The compiler of the present invention provides an adaptive software system with generality and optimality. Unlike previous adaptive software systems which were limited to use with specific combinations of adaptive programs and class graphs, the system of the present invention is capable of compiling most combinations of adaptive programs and class graphs. Hence, the system has the desirable quality of generality. Further, an intermediate automaton allows use of reduction algorithms to reduce the size of the generated object-oriented program. The system thus has optimality in the sense that it generates an object-oriented program of reduced size.

The compiler of the present invention also indirectly enables utilization of various advantages associated with adaptive software. For example, adaptive software allows for shorter programs by focusing on core actions and reducing redundancy. Further, adaptive software allows development of application-oriented, domain-specific reusable libraries which can be reused in similar projects without added reusability cost. By providing a generalized compiler, the present invention extends these advantages to a wider variety of applications.

Other features and advantages of the invention will become apparent in light of the following detailed description of the drawing in which:

FIG. 1 is a block diagram of an adaptive software system;

FIG. 2 illustrates the exemplary class graph of FIG. 1;

FIG. 2A is an alternative exemplary class graph;

FIG. 3 illustrates the exemplary adaptive program of FIG. 1;

FIG. 3A is an alternative exemplary adaptive program;

FIG. 4 illustrates the semantics of traversal specifications;

FIG. 5 is a block diagram of the automaton generation process; and

FIGS. 6-10 illustrate intermediate steps involved in computing a minimal deterministic automaton.

FIG. 1 is a block diagram which illustrates an adaptive software system for compiling an adaptive program and a class graph to produce a desired object-oriented program in accordance with the present invention. The adaptive software system includes use cases 100, a class graph 102, an adaptive program 104, an object-oriented program 106 and a compiler 108 having a code generator 110 and an automata generator 112 which generates an automaton 114.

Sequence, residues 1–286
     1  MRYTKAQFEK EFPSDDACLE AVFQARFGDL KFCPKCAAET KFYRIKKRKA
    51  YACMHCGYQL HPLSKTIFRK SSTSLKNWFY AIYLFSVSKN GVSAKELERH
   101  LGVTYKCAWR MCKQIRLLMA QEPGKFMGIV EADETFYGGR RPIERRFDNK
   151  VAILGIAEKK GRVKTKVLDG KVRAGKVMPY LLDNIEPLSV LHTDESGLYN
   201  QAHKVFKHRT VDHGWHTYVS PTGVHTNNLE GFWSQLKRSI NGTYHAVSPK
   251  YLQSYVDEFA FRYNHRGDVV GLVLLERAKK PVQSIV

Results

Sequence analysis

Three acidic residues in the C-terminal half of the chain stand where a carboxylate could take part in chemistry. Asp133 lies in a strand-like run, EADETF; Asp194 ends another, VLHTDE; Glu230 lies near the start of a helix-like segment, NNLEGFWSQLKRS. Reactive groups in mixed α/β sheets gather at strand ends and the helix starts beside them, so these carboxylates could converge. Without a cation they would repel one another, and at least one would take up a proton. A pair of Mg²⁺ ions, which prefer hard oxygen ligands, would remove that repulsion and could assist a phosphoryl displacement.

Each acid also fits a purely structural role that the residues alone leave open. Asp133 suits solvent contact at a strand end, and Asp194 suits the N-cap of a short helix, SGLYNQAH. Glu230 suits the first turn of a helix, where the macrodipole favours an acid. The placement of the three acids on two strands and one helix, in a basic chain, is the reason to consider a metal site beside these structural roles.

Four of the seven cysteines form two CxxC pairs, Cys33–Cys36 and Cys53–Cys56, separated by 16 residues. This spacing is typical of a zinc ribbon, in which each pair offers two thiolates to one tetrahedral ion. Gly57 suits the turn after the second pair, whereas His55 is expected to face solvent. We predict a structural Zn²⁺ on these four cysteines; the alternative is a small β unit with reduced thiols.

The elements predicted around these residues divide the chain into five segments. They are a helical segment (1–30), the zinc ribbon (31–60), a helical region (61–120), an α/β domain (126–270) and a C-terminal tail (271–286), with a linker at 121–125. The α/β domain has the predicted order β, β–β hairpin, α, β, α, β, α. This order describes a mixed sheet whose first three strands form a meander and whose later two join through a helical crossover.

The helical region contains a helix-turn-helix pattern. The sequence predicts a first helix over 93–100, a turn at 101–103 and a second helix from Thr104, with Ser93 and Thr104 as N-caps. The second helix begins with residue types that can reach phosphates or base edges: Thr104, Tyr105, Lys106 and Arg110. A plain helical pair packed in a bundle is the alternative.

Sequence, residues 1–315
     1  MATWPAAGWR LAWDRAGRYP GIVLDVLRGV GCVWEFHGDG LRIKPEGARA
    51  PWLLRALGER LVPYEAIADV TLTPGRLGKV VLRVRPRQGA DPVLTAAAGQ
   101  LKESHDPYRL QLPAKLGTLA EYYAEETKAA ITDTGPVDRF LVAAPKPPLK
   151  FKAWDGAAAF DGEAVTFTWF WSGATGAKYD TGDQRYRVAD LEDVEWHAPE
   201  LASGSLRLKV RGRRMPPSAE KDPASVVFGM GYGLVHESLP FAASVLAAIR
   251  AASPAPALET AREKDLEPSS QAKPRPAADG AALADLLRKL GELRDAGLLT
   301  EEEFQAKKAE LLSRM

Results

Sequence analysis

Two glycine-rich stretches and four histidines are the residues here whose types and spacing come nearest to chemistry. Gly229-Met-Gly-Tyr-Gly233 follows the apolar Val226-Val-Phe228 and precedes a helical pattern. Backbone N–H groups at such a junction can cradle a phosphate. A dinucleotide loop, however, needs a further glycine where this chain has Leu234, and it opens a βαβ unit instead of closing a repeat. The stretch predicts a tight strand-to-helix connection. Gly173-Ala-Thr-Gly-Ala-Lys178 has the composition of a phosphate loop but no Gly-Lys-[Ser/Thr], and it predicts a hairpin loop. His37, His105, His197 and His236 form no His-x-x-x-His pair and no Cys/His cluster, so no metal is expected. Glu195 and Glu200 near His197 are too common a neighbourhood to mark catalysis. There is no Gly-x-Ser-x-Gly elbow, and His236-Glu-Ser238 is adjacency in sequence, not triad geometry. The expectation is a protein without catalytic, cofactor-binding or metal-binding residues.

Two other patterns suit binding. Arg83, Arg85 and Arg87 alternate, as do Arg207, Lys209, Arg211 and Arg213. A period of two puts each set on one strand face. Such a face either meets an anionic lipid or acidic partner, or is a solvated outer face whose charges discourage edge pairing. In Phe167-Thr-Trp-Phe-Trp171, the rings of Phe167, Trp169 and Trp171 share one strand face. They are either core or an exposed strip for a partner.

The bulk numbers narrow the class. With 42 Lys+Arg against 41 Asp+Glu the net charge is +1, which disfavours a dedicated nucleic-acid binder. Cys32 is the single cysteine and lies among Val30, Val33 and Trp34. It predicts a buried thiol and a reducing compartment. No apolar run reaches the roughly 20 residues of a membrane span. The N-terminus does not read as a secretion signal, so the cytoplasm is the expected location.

The adaptive software system achieves adaptability by separating the object oriented program 106 into two parts: the class graph 102 which defines objects, and the adaptive program 104 which defines operations. The class graph and adaptive program are then compiled to create the desired object-oriented program 106. Modification of the object-oriented program can therefore be accomplished by making relatively simple changes in the class graph or adaptive program and re-compiling.

The combination of the adaptive program 104 and the class graph 102 contains all of the information required to generate the object-oriented program 106. It should be noted however that the manner in which the class graph and adaptive program are represented is not critical to the present invention, e.g., the class graph could be represented by strings. Operations that are to be applied to objects are defined in the adaptive program and desired traversals are generated from the class graph. In practice, the adaptive program 104 can be produced from informal specifications. First, requirements are written in the form of use cases 100. A use case is an English language description of how the program 104 should react in a specific situation. The class graph 102 is derived from the use cases 100. Propagation patterns are also developed from the use cases. The propagation patterns are designed to have minimal dependency on the class graph.